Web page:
In The Dutch Moment, Wim Klooster shows how the Dutch built and eventually lost an Atlantic empire that stretched from the homeland in the United Provinces to the Hudson River and from Brazil and the Caribbean to the African Gold Coast. The fleets and armies that fought for the Dutch in the decades-long war against Spain included numerous foreigners, largely drawn from countries in northwestern Europe. Likewise, many settlers of Dutch colonies were born in other parts of Europe or the New World. The Dutch would not have been able to achieve military victories without the native alliances they carefully cultivated. Indeed, the Dutch Atlantic was quintessentially interimperial, multinational, and multiracial. At the same time, it was an empire entirely designed to benefit the United Provinces.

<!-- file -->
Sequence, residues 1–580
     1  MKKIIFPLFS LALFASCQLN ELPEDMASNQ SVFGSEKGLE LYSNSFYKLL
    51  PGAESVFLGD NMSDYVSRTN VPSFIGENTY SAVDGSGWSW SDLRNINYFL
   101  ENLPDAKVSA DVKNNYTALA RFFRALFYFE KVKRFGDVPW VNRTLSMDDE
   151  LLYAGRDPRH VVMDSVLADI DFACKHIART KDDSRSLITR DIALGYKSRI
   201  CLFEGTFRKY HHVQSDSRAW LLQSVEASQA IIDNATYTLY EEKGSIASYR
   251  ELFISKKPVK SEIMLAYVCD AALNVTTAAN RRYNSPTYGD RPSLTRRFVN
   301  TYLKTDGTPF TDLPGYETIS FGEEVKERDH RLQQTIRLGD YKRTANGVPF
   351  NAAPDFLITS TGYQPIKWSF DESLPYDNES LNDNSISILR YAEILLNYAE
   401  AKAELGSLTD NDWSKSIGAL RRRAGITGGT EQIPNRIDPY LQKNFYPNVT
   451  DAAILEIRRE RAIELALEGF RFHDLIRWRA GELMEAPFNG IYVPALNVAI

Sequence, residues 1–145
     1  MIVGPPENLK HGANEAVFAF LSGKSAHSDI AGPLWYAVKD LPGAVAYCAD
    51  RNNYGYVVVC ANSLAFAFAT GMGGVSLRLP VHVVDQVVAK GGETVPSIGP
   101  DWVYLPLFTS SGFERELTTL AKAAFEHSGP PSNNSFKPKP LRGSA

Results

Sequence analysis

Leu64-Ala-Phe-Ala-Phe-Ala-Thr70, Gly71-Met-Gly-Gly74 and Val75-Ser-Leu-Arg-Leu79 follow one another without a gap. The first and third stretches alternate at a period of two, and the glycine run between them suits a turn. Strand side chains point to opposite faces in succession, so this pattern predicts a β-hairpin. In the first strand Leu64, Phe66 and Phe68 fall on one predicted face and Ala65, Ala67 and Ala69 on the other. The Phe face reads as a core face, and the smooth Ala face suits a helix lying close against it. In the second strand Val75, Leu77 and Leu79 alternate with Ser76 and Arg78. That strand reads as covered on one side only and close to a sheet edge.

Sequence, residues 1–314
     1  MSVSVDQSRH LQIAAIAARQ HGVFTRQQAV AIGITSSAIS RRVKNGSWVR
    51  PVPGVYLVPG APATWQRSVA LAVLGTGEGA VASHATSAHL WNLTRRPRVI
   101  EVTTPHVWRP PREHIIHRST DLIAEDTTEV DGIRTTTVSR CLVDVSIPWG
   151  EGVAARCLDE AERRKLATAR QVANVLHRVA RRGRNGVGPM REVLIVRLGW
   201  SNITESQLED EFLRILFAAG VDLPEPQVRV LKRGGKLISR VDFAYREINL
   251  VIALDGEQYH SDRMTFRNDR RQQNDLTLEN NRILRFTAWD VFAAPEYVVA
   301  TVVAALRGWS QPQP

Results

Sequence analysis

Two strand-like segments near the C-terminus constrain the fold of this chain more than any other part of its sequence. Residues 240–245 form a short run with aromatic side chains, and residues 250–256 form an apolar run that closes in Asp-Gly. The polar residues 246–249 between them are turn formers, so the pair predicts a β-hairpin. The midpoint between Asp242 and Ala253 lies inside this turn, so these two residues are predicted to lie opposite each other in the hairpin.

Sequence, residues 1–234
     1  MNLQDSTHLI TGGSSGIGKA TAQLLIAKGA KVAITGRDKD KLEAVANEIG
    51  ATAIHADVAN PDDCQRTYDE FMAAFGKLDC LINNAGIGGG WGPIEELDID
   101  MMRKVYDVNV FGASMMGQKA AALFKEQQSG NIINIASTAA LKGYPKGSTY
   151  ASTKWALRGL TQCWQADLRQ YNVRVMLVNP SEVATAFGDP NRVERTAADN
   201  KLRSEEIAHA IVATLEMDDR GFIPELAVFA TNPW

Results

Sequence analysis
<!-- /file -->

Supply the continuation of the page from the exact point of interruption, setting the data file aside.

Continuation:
The pivotal colony in the Dutch Atlantic was Brazil, half of which was conquered by the Dutch West India Company. Its brief lifespan notwithstanding, Dutch Brazil (1630 - 1654) had a lasting impact on the Atlantic world. The scope of Dutch warfare in Brazil is hard to overestimate - this was the largest interimperial conflict of the 17th-century Atlantic. Brazil launched the Dutch into the transatlantic slave trade, a business they soon dominated.
After the loss of Brazil and, 10 years later, New Netherland, the Dutch scaled back their political ambitions in the Atlantic world.
The book is published by Cornell University Press. The audiobook is published by University Press Audiobooks.
"Certain to become a classic in early modern Atlantic world and imperial history." (Benjamin Schmidt, author of Inventing Exoticism)